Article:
In today’s blog post, I wanted to go over why we removed our granite countertops and chose to replace them with quartz. Whether you’re updating your kitchen, building one from scratch, or fully remodeling, you already know that the countertops are a big part of the “look” of the space.
Since I spend a lot of time at the Studio, where the kitchen is white and bight, I wanted something similar for my house without being the same. You can check out this post for all the kitchen details and this post where I talk about why I chose that type of sink.
Having a solid image for inspiration helped a lot; especially when it came to meeting with Rachel at Triton Stone in New Orleans. By walking in with my vision, she was able to piece together the look I wanted.
How to Choose the Right Shade of Countertop Against your Cabinet
For starters, if you don’t have a cabinet door that you can bring with you to the stone yard, at the very least bring a piece of wood stained with your cabinet color or the color wheel like we did.
It’s essential to compare your countertops against the cabinets, your backsplash options, and flooring to get a full picture of the result. Even though this wasn’t our first rodeo, I was impressed with Triton Stone’s attention to detail and service to ensure we were thrilled (not just happy) with the stone we selected.
At first, we picked the counters you see Rachel holding up the backsplash tile against, but, after we went home and painted a few cabinets, we realized that the entire space would be very grey and that particular stone would clash with our flooring (which we did not replace).
The more you can bring with you when you choose your countertops, the better.
Granite vs. Quartz
While I love the natural stone look of granite (it’s very earthy) the cool and clean look I was going for isn’t found naturally in any piece of granite I found.
The pros of granite:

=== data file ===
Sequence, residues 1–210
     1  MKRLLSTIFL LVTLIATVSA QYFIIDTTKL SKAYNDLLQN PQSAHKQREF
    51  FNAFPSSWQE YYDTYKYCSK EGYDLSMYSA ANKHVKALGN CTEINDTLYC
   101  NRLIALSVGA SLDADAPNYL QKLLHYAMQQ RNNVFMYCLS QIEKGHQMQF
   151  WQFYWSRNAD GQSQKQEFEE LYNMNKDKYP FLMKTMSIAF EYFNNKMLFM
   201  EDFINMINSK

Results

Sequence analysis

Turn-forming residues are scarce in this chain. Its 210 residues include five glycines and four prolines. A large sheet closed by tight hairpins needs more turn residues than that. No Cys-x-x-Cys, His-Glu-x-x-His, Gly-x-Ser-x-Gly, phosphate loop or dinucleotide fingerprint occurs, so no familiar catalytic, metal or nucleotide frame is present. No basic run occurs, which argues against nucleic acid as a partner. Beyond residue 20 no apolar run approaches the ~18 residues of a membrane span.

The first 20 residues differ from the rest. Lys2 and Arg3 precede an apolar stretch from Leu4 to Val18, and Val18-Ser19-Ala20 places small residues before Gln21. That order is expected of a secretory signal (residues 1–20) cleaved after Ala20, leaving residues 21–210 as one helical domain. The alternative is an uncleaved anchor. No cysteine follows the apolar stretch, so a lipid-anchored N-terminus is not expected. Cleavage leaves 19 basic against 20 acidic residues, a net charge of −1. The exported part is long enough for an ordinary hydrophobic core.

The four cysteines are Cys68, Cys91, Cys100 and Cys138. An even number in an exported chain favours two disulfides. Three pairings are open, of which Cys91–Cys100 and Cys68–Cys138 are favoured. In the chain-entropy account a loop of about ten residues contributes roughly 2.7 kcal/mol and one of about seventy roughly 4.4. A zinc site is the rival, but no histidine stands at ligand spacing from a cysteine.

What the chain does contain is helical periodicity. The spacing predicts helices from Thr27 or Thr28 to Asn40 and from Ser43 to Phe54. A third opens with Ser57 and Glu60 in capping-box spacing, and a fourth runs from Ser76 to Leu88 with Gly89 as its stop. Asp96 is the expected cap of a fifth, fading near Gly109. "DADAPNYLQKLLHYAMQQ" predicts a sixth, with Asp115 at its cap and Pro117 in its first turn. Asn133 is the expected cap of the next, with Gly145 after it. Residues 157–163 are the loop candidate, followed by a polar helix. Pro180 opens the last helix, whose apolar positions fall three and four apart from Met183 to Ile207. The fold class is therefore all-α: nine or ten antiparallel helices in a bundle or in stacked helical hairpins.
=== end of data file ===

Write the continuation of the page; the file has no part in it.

It’s beautiful, and it comes in a lot of colors and patterns. They have a classic natural look that never goes out of style. It stands up well to splashes, and it hides cooking messes well – I tell you this from experience.
Granite holds up very well to cooking, knife nicks, heat, and daily wear and tear. With a family, it’s a great choice.
The Cons of granite:
Like most stone, granite has to be sealed from time to time, and it loses its shine over time. Ours looked dull, and the dark island became streaky when cleaned with certain cleaners.
It’s heavy so you’ll need sturdy cabinets to support its weight.
What is Quartz?
Quartz is a natural stone that is finely milled and crafted into a surface with a resin (think of it like glue). That is why they call it “engineered” quartz. It’s a natural stone, but it’s also man-made.
The Pros of Quartz:
Quartz is a solid surface that is non-porous, and it’s virtually maintenance free. It’s super tough and durable which is an excellent option for heavily used kitchens like mine. Although it can be susceptible to scratches, nicks, and burns, those can be sanded out (not possible with granite).
There are lots of colors and pattern options (way more than granite) in just about every color, and there are large sizes out there that can be custom ordered to eliminate or reduce seams (like we had to do).
The Cons of Quartz: